Sunshine State One Call of Florida (SSOCOF) recently expanded its enforcement program to cover 20 counties throughout Florida in an effort to curb utility outages due to underground facility damages, prevent injuries as a result of these damages and ensure compliance with Chapter 556, the Underground Facility Damage Prevention and Safety Act.
“SSOCOF’s damage prevention efforts are all about decreasing damages and protecting underground facilities that deliver vital services such as electric and telephone to Florida’s residents on a daily basis,” said Cheryl Ritter, SSOCOF damage prevention manager. “Just think what could happen if an excavator hit an underground high-pressure gas line, high-voltage electric line or a line carrying 911 calls. And what about fiber optic cables carrying information that could cost businesses hundreds of thousands of dollars per second when outages occur as a result of accidental damage?”
This is not just a local problem. Nationwide, businesses and residents experience these types of service outages; and this has Florida and many other states being challenged to develop an effective enforcement program or run the risk of facing federal mandates that would increase fines and penalties issued to excavators.
Currently, a Florida excavator without a valid locate ticket for projects involving digging typically pays $250; however, fines can be as much as $5,000 plus lost revenues from job-site shut downs. Shut downs can remain in effect until the excavator has called for a valid locate ticket and waited two full business days.
“Having a valid locate ticket involves a four-step process,” Ritter said. “First you call 800/432-4770 before digging. Then you wait two full business days for the owners of buried facilities to locate and mark their lines. When the owners have either cleared the area or marked the site, digging can begin, but those marks need to stay in place during the project and that’s the third step. The last thing excavators need to do is dig safely, especially if they are digging within 24 inches of the locate marks.”
Ritter said that when the four steps are followed, accidental damages to buried facilities can be prevented.
Established in 2005, SSOCOF’s enforcement program uses off-duty Florida Fish and Wildlife Officers, because they have full authority to enforce all Florida state laws. However, any law enforcement officer can enforce Chapter 556.
SSOCOF’s officers patrol 20 counties including: Alachua, Bay, Brevard, Broward, Duval, Franklin, Gulf, Hernando, Hillsborough, Lake, Leon, Martin, Okaloosa, Orange, Pasco, Pinellas, Seminole, St. Lucie, Volusia and Wakulla.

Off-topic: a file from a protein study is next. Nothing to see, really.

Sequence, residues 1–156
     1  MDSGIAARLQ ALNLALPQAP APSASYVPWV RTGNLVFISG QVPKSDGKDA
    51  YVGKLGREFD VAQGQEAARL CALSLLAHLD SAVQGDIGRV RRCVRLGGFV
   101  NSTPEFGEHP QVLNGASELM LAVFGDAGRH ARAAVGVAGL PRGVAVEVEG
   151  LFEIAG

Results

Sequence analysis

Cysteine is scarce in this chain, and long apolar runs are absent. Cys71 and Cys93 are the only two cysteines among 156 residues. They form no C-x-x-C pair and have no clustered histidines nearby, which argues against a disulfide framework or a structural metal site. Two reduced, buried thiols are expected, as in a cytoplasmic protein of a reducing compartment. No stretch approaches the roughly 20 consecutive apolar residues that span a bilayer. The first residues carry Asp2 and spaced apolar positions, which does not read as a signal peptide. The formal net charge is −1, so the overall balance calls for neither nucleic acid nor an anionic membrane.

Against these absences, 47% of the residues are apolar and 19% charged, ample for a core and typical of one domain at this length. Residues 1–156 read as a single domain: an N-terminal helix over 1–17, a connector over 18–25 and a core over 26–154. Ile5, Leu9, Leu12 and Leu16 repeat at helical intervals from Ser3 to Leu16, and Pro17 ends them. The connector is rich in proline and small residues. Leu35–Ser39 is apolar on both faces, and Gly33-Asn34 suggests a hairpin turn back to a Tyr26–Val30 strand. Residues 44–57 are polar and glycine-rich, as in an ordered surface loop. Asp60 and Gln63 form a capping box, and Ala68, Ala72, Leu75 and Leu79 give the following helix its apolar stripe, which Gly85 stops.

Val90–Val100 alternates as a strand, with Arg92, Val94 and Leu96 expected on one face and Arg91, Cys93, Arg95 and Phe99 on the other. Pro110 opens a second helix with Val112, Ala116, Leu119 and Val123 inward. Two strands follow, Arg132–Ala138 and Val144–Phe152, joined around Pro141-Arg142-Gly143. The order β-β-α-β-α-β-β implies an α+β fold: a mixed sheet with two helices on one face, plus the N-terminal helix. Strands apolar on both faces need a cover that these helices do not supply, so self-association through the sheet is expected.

While patrolling, officers conduct courtesy stops to see if excavators have valid locate tickets. During these stops, SSOCOF has an excavator’s undivided attention for education. Officers have been trained to provide basic safety education on Chapter 556. Excavators who consistently violate Chapter 556 are issued citations.
So far, more than 600 courtesy stops have been completed. But this increased enforcement has some excavators crying foul.
“It’s unfortunate that our efforts to enforce this safety law are being viewed as unfair or a form of harassment,” Ritter said. “Our main concern is compliance with the existing law to protect excavators and residents. Most complaints are coming from excavators who were unaware of the law and are now being asked to stop work, obtain a locate ticket and wait two full business days for utilities to locate and mark their underground facilities or notify the excavator of an all clear before beginning excavation.”
With education as the primary focus, word about SSOCOF’s enforcement efforts is spreading across the state and requests for safety education classes have increased. From The Villages alone, more than 300 construction companies employing 3,000 workers are chomping at the bit to learn more about complying with Chapter 556.
Ritter said many Florida excavators are calling and digging safely. Last year, SSOCOF grew to become the largest one-call center in the United States. receiving more than 1.8 million requests from excavators in Florida.
SSOCOF is a one-call notification center mandated by Chapter 556 to receive calls from excavators and homeowners two full business days before digging. Based on that call, SSOCOF produces a locate ticket which is sent to facility owners with buried facilities close to the excavation site.
SSOCOF offers free educational sessions to professional excavators and homeowners.
For more information, visit www.callsunshine.com.